It’s fair to say we take a traditional approach to our red winemaking, with a nod to the cru classé of Bordeaux. For Pascal, the aim is to treat the fruit as gently as possible. All of our reds are hand harvested and sorted twice, first by cluster and then painstakingly sorted berry by berry after being gently removed from the harsh, bitter stems. Typically, Don and Pascal are the last one’s on the line, as a final check before the fruit comes into the winery. The blueberry-like fruit is then placed into tank by gravity for fermentation. No leaves, no stems, no jacks.
Each fermentation tank is used only once per vintage. This is not as common as you’d think. Most wineries will turn over a tank two or three times, as tank space is often precious. But substantial time is required in tank to reach our desired flavour and tannin profile. After a cold-soak pre-fermentation, the wine undergoes an extended maceration on the skins after fermentation for as long as 24 days. The result is almost counter-intuitive: softer wines with plush, velvety tannins. The aim is for Hypothesis to be approachable in its youth, while maintaining the structure to allow it to be tucked away in the cellar.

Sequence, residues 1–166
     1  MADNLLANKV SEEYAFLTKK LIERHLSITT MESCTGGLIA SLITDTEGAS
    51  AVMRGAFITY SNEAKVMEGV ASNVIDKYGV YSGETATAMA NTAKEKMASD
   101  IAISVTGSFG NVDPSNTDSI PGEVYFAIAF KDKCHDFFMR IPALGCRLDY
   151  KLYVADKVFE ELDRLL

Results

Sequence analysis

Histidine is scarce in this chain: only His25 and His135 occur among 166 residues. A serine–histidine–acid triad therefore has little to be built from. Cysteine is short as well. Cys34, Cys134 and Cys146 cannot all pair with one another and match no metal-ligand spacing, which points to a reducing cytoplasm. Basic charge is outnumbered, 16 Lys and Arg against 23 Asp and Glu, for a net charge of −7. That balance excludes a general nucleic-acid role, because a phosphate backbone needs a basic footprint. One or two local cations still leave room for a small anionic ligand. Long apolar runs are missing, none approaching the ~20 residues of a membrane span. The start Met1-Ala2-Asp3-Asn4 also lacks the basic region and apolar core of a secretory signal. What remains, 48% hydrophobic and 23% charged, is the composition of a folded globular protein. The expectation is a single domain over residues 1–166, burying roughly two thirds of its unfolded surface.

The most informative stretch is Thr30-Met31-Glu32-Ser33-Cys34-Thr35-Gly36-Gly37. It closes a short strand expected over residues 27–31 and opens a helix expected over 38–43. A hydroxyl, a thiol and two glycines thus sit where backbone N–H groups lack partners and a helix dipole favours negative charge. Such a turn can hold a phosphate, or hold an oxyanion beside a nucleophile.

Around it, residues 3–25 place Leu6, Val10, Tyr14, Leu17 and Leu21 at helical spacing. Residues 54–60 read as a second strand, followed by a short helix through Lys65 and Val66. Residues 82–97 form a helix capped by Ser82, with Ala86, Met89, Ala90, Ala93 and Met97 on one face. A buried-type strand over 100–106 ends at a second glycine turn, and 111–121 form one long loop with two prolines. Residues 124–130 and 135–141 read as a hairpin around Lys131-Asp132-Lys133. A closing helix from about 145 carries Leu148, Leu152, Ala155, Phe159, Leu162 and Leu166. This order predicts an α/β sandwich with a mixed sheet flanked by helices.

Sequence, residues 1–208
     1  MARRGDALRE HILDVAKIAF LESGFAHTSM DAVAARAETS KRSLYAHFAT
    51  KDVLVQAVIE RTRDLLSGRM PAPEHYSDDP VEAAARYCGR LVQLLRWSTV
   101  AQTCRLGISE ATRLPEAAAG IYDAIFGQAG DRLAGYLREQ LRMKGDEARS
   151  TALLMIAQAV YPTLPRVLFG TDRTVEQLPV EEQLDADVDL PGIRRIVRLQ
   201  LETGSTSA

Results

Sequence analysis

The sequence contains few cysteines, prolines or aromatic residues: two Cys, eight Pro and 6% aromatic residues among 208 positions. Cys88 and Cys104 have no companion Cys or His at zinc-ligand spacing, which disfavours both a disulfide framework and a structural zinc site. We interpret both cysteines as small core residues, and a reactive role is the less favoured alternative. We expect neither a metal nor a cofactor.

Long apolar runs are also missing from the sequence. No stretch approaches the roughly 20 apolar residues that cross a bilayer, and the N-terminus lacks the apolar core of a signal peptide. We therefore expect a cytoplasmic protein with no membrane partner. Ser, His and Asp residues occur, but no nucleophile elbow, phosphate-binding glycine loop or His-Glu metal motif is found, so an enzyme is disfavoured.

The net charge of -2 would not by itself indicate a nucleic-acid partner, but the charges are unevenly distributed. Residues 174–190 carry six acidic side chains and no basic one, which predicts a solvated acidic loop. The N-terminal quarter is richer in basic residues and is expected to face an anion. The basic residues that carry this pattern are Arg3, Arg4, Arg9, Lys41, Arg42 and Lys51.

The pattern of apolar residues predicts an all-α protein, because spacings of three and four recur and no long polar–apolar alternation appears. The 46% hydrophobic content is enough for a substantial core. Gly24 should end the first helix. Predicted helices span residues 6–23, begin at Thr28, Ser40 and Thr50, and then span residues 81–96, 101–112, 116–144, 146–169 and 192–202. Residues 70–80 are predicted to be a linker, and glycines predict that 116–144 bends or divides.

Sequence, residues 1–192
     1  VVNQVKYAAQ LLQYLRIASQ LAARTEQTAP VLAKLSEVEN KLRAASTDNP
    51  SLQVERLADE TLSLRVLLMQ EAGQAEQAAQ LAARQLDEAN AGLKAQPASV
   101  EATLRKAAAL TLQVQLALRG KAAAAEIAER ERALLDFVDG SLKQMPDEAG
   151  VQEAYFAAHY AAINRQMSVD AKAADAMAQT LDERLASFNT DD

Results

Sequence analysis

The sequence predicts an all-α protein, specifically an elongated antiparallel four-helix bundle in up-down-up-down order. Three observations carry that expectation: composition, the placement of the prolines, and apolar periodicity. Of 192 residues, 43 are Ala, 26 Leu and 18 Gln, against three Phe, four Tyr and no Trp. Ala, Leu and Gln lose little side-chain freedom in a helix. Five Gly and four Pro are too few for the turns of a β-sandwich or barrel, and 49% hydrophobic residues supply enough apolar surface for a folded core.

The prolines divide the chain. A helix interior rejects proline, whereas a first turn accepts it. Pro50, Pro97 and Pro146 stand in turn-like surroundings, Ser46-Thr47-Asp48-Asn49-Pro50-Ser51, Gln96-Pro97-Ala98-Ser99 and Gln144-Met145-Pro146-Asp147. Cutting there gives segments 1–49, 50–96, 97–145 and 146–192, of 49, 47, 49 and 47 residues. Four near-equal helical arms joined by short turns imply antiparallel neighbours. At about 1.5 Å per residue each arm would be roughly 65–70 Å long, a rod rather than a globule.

This explains why we’re not finished pressing off our red lots for what will become the 2015 Hypothesis. Last week, it was Tank 7, Cabernet Franc, in the traditional basket press. The basket press is time consuming – as the view from my window can attest – with lower yields, but it is much more gentle. The pressed wine is then fed by gravity into barrel, where it will spend approximately 16 months slumbering with the other Hypothesis lots.
This Cabernet Franc lot, only weeks after fermentation, shows the quality of the 2015 vintage, with remarkable concentration, depth, and varietal definition.